On December 10, 2012, UK Banks HSBC and Standard Chartered Bank (SCB) entered into agreements with US enforcement authorities to settle civil and criminal charges relating to US economic sanctions, the Bank Secrecy Act, and the Foreign Narcotics Kingpin Sanctions Regulations.  HSBC will forfeit a record $1.9 billion to US authorities, while SCB agreed to pay $327 million.  Both have agreed to institute various compliance measures in their management and operations.

On December 12, 2012, the Bank of Tokyo-Mitsubishi UFJ, Ltd. (BTMU) agreed to pay $8,571,634 to settle potential civil liability for apparent violations of US economic sanctions. 

The coordinated US enforcement actions highlight the importance of economic sanctions compliance to US foreign policy and national security interests.  The HSBC, SCB and BTMU settlement agreements are discussed in detail below.

I.          HSBC

US enforcement authorities recently announced coordinated settlement agreements with HSBC Holdings Plc (HSBC Holdings), HSBC Bank USA N.A. (HSBC USA), and HSBC North America Holdings (HNAH) to resolve allegations that inadequate compliance measures led to widespread sanctions and money laundering violations involving Iranian banks, Mexican drug cartels, and other sanctioned entities for more than ten years.  To resolve the claims, HSBC will pay $1.9 billion in penalties to US authorities.  The bank agreed to pay $1.256 billion in disgorgement to the US Department of Justice (DOJ), $375 million in civil penalties to the Department of the Treasury, Office of Foreign Assets Control (OFAC), a $500 million civil penalty to the Office of the Comptroller of the Currency (OCC), and a $165 million civil penalty to the Federal Reserve Board of Governors (Board of Governors).  HSBC’s OFAC penalty will be satisfied by payment to DOJ.  The New York County District Attorney’s Office (DANY) participated in the investigation and entered into a separate settlement.  In addition, the UK Financial Services Authority has worked closely with US authorities on the investigation, but is pursuing a separate action.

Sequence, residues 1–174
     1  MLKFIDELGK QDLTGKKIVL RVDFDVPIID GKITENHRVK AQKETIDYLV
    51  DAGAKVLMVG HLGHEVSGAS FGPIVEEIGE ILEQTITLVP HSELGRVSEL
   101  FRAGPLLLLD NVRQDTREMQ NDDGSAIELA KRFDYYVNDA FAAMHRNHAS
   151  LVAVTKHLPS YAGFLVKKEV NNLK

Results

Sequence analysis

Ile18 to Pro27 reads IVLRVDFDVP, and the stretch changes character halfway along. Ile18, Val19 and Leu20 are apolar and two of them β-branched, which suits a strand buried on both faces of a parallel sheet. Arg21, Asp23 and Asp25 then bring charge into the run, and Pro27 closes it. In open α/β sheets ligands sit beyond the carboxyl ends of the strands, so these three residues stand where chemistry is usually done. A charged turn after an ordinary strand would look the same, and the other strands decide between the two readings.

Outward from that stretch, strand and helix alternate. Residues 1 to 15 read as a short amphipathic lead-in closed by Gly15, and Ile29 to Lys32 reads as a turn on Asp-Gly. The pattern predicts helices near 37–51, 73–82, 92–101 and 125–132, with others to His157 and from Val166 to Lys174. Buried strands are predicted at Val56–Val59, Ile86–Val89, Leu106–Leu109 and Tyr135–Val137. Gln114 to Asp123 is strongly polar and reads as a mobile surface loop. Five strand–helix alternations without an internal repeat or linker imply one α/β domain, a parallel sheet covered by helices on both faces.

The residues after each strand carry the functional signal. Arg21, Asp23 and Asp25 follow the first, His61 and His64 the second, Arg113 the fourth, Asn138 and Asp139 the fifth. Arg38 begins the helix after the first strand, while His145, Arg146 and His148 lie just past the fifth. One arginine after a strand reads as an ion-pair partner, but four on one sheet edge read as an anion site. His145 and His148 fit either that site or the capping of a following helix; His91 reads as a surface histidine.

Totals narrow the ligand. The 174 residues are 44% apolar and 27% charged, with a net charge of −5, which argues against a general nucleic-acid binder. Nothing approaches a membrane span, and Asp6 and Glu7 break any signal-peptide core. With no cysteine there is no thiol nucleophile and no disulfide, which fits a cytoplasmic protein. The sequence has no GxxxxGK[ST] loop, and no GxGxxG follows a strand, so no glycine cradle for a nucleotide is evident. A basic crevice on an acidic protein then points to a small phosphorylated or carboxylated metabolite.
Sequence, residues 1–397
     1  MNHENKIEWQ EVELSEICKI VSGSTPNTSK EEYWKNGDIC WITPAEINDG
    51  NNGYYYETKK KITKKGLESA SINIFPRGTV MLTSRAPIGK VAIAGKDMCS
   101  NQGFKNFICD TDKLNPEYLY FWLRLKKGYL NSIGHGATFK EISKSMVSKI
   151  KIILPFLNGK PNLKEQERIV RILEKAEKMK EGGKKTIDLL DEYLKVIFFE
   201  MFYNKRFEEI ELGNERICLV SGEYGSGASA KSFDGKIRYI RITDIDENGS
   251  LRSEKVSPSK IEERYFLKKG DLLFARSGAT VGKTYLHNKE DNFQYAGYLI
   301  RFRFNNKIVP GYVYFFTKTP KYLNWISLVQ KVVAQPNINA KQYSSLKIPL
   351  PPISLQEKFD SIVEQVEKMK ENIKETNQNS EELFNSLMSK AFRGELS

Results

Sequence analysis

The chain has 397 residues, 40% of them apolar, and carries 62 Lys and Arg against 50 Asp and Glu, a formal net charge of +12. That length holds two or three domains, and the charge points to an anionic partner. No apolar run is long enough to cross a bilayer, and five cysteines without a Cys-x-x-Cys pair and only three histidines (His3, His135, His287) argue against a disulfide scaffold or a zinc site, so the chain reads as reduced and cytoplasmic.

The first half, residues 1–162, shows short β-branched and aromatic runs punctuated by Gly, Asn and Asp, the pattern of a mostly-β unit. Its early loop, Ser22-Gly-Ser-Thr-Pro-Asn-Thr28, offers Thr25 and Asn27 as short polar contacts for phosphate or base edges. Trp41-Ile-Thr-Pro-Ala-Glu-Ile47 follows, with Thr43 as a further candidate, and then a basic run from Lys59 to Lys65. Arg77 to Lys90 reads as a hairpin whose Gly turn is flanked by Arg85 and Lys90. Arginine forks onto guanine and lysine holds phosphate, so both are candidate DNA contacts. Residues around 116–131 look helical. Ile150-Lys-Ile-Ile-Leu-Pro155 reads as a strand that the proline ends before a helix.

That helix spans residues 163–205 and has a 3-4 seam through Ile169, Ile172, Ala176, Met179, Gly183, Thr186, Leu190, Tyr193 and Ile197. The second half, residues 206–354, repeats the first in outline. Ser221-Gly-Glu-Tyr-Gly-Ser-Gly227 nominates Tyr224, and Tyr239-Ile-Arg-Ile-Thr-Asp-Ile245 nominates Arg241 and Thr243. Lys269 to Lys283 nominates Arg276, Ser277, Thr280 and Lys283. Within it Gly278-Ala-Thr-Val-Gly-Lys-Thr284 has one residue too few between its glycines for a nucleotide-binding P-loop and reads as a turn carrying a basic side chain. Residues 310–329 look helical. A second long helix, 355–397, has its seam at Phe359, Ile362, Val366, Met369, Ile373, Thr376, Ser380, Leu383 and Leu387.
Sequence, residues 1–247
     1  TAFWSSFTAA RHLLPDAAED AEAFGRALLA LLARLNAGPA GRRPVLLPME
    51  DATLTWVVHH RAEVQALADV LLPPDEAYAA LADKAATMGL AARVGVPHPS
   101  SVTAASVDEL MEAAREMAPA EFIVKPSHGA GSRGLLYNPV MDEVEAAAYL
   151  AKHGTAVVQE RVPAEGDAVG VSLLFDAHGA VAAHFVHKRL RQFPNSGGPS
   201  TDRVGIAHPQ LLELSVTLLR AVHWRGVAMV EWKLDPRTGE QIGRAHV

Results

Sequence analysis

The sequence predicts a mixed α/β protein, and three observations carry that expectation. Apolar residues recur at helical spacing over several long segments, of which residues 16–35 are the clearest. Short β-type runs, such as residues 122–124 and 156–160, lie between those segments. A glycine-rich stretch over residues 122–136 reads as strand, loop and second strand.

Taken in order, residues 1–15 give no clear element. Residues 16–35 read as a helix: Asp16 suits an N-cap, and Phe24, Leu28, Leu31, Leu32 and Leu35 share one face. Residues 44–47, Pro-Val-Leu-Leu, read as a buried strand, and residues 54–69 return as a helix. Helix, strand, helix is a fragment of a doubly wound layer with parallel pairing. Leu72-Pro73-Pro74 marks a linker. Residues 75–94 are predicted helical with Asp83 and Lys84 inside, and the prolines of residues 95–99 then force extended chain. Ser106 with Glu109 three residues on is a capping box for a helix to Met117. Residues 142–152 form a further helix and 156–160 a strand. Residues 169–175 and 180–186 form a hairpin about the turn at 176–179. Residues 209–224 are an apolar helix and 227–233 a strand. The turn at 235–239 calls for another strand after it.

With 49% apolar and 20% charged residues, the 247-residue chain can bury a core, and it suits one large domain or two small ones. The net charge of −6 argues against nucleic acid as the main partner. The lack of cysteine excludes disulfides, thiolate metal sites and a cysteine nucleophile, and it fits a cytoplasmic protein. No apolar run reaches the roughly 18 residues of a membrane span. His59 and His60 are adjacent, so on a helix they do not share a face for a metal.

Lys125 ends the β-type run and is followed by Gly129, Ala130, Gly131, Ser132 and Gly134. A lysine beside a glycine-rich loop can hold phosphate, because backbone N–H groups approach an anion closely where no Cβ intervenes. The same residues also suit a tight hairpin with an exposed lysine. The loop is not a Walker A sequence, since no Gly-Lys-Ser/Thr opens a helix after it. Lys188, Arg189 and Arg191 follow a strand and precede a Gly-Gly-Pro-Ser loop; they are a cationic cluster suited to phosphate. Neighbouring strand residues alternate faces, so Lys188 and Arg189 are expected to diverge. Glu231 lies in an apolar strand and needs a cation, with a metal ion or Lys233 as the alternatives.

Money Laundering-Related Violations

The DOJ criminal Information states that from 2006 to 2010, HSBC USA failed to dedicate adequate resources to its anti-money laundering compliance function and implement a compliance program capable of adequately monitoring suspicious transactions and activities among its affiliates.  Under the Bank Secrecy Act (BSA), HSBC USA was required to establish and maintain an anti-money laundering compliance program that provided for: (1) internal policies, procedures, and controls to deter money laundering; (2) a compliance officer to coordinate and monitor BSA and AML compliance; (3) related training; (4) independent audit programs; and (5) due diligence policies, procedures, and controls reasonably designed to detect and report suspicious activity for correspondent accounts it maintained in the US for non-US persons.